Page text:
Kenya's fly-farmer smiles all the way to the bank


ROUSSOSS DEMISSE speaks to writer SILAS NYAMWEYA on how he makes good money after trying his hands at farming black soldier flies.

What motivated you to start the black soldier flies venture?

First, through my first venture, Mushroom Kenya. I interacted with so many farmers who always mentioned the cost of feeds as one of the biggest challenges that they faced. I researched and realized that black soldier flies were a good source of proteins for animals yet easy to start and require less space to set up. I got interested and decided to help the farmers address the challenge.

Secondly, the idea of turning waste into valuable products that can earn money was key. The black soldier flies feed on market waste. This helps in reducing food waste. We now advocate for and offer sustainable management of food by providing a systematic approach that seeks to reduce wasted food and associated impacts over the entire life cycle, starting with the use of natural resources, manufacturing, sales, and consumption and ending with decisions on recovery or final disposal.

When did you start this business and at what cost?

We started the venture in 2018 on a small scale. The startup capital was Sh15,000 which got us a kilo of the colony (pupae) to multiply, a few jerrycans split into half used as trays, and a small unit for housing the trays. We did not have a greenhouse because we could not afford one at that time. However, the capital required to start the venture highly depends on the scale and the expected output. A farmer can start at a level they can afford. However, the standard start-up capital for a level that makes business sense is Sh150,000.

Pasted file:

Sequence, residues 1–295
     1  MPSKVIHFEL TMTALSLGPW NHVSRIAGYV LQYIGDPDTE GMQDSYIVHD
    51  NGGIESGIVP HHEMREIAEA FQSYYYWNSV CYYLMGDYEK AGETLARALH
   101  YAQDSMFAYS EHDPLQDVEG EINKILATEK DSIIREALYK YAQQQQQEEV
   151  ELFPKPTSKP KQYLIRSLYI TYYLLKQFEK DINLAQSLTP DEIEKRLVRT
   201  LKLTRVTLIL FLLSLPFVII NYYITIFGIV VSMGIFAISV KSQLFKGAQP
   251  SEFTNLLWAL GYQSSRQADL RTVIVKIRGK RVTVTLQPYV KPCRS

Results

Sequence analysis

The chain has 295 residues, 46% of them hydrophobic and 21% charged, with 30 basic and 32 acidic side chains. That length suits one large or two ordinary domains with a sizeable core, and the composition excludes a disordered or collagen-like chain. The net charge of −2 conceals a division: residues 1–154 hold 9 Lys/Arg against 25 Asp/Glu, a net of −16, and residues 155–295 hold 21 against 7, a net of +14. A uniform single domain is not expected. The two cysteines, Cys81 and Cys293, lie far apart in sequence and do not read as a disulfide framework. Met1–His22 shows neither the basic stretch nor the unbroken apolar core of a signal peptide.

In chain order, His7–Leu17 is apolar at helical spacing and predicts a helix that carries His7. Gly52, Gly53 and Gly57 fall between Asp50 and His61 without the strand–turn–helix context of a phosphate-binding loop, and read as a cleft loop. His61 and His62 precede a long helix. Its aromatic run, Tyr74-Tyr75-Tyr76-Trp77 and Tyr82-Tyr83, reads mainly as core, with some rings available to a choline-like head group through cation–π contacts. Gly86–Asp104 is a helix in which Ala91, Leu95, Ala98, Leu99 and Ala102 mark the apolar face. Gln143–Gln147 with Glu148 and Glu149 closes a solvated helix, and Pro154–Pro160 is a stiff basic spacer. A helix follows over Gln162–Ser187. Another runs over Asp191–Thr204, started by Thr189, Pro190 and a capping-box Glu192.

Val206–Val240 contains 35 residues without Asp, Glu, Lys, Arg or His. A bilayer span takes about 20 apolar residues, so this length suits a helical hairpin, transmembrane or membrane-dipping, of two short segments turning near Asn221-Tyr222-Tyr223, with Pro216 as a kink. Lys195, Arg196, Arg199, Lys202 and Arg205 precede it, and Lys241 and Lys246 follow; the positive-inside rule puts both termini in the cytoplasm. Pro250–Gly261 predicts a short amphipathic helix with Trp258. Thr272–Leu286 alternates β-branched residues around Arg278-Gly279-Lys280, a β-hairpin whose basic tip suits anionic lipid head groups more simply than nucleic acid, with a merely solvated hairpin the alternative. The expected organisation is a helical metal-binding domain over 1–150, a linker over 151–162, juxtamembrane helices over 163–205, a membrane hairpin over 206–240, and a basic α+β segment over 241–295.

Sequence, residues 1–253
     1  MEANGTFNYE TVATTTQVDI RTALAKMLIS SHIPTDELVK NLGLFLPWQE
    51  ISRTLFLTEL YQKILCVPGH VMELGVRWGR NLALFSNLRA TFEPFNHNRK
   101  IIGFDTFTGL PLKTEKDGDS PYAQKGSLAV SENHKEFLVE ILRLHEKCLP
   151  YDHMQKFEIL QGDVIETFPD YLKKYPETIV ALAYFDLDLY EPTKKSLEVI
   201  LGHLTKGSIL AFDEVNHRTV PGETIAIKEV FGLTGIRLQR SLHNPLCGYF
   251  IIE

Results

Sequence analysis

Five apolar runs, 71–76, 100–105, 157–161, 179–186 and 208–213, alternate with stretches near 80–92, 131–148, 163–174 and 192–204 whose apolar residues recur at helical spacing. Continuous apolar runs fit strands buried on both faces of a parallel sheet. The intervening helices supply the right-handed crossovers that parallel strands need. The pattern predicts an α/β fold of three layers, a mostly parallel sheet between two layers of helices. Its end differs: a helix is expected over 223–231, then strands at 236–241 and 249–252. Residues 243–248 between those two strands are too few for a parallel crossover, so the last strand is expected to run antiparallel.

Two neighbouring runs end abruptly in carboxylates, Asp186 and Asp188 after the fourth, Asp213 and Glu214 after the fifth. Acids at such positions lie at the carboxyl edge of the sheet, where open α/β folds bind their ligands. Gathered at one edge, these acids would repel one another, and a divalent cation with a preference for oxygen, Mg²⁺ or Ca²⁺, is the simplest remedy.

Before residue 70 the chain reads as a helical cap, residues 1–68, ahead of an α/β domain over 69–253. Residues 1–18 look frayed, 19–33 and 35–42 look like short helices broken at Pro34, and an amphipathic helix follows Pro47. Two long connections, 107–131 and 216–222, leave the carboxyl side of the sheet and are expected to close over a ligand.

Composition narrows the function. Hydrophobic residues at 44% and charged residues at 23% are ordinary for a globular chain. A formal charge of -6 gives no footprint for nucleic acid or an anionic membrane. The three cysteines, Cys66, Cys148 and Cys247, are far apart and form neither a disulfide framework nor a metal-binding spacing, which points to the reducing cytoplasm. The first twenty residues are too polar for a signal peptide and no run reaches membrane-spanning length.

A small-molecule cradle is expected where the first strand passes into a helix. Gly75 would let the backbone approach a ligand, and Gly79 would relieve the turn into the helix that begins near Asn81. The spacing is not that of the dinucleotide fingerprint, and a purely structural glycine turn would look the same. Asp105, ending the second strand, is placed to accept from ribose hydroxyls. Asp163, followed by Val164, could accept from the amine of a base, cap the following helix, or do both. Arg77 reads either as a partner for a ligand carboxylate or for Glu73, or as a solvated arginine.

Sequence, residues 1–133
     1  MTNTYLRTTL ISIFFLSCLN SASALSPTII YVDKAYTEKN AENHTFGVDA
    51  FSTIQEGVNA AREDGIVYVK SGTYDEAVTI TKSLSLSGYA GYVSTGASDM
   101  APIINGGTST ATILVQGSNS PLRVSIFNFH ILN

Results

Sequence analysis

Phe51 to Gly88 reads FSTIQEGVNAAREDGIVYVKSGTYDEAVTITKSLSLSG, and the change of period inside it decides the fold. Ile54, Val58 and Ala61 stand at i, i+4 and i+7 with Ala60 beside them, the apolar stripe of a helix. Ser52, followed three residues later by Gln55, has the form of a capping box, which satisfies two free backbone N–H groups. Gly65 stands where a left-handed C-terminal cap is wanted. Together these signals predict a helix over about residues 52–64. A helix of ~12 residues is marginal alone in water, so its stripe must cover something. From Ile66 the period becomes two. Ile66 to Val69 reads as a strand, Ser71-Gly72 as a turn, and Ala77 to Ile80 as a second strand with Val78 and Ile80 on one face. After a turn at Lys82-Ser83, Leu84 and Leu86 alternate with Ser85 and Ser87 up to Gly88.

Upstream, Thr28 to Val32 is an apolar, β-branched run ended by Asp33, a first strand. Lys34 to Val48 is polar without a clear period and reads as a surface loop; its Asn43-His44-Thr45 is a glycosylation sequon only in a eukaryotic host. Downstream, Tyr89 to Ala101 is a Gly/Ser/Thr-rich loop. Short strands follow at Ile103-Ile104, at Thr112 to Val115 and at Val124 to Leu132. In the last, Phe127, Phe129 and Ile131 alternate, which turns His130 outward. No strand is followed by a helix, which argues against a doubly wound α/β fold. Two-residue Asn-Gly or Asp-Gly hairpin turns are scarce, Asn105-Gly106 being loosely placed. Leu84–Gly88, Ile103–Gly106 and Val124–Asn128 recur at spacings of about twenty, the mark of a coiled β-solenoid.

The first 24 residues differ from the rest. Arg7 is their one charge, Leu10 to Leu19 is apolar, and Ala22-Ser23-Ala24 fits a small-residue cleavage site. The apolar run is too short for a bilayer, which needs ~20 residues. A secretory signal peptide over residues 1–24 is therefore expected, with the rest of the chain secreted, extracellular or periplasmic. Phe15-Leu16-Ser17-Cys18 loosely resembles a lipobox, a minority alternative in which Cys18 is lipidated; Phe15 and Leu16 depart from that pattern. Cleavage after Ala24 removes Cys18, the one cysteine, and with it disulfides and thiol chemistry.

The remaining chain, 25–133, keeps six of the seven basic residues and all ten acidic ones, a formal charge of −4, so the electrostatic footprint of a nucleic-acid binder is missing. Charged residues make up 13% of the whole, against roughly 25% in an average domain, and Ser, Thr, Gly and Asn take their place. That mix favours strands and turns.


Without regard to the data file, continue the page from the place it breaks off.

Take us through the day-to-day operations at your typical farm...

It does not have a lot of work. The operations involve waste collection mainly from the market and preparation that normally involves sorting, washing, crushing, and fermenting. However, this is not a daily activity. Once the feed is prepared, the daily operations involve feeding the larvae, checking the laying flies, harvesting ready pupae, and drying the harvested pupae because the black soldier flies are mainly harvested at the maggot or pupae stage.

 What are the products from black soldier flies and how do you earn from them? 
There are many products that we get from black soldier flies throughout their life cycle. We get eggs that are laid by adult flies that we sell to upcoming farmers at Sh2,500 per gram, which is enough to produce three to four kilograms of maggots when hatched. 
Maggots and pupae are used as colonies for those who want to set up their farms. We sell at Sh2,500 per kilo, dried pupae that we sell to farmers at 200 per kilo, and vermicompost - the organic manure - that we use at our farm to grow vegetables and sell the surplus to organic farmers.

Is there a special license/certificate needed to start operating this type of business?

No. A license might be needed at the value addition stage. For example, when you are formulating an animal feed from black soldier flies and the Kenya Bureau of Standards has to inspect and certify it.

What are some of the key challenges?

One of the main challenges in black soldier fly farming in Kenya is scaling up the operations to be able to seriously compete with traditional animal feed suppliers at an industrial level.

 How have you personally benefited from this venture?

The venture has enabled me to lower the cost of feeds for my poultry project, which has allowed me to channel the feed’s cost to other projects. The project has also helped us create connections with farmers and share ideas.

How much do you make in a month?

We make between Sh35,000 and Sh50,000 from product sales, farm visits, and training.